Sen. Claiborne Pell (D-R.I.) introduced legislation yesterday to repeal the controversial provision in the 1981 tax bill that allowed corporations to buy and sell tax breaks.
"This leasing provision"--the section of the bill allowing the tax sales--"has been in effect for little more than three months, but it is already apparent that it is an unjustified and outrageous raid on the Treasury and on the taxpayers," Pell said.
"Indeed, this 'leasing' provision is really a 'leeching' provision because it permits wealthy, profitable corporations to leech billions of dollars from the taxpayers," according to Pell.
The 1981 tax bill created a new form of paper transaction in which corporations could buy and sell tax credits and deductions through arrangements called leases.
The provision was designed to help marginal companies such as Chrysler Corp. and International Harvester, which, because they have no taxable income, would receive little or no benefit from the accelerated depreciation also provided under the new bill. In addition, the lease provision was designed to prevent stepped up merger activity based entirely on tax considerations, which could develop as companies built up credits they could not use.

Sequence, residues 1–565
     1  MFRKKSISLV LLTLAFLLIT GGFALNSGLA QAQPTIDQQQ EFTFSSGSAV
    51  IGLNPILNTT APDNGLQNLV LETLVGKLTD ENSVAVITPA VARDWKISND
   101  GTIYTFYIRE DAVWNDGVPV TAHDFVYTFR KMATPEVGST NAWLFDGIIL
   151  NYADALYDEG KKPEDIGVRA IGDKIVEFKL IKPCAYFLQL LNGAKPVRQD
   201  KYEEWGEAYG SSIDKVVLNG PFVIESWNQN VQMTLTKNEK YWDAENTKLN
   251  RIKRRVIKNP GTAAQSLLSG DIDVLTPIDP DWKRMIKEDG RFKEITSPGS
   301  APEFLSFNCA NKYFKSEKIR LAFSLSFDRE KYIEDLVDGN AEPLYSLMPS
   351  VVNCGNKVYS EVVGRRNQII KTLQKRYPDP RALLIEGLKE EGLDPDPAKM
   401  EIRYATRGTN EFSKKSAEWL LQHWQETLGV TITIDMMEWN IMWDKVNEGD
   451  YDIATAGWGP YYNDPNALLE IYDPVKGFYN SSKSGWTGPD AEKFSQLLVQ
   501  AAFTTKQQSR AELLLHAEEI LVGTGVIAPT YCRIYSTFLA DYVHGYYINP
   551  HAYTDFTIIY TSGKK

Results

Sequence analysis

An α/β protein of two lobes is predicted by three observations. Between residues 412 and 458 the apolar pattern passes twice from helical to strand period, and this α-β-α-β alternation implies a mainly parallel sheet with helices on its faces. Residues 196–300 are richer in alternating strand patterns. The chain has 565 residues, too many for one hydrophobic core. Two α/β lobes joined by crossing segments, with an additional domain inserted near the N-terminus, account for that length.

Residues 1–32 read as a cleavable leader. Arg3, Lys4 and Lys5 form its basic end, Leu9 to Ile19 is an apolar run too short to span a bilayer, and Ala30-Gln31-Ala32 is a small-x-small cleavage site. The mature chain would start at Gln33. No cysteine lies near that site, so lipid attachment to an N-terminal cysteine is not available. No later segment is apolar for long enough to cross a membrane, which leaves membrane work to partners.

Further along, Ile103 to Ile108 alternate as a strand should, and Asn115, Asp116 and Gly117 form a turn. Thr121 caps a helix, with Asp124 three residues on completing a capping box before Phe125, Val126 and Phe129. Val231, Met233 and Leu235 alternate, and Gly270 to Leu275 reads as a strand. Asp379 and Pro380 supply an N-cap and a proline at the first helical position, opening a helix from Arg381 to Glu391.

In practice, however, the leasing provision also has proved to be a major bonanza for some highly profitable companies which, because they pay no federal taxes, are able to sell their tax breaks to other profitable firms. Occidental Petroleum, for example, has paid no federal taxes because of foreign tax credits, although in 1980 it had net earnings of $710 million. Consequently, it was able to sell credits and depreciation rights on investments it made this year through leasing deals.
Opposition to the leasing provisions has been growing in Congress among both Repbulicans and Democrats. Key members of the Senate Budget Committee are pressing to force closure of number of tax expenditures, called loopholes in some quarters, and among the most commonly cited is leasing.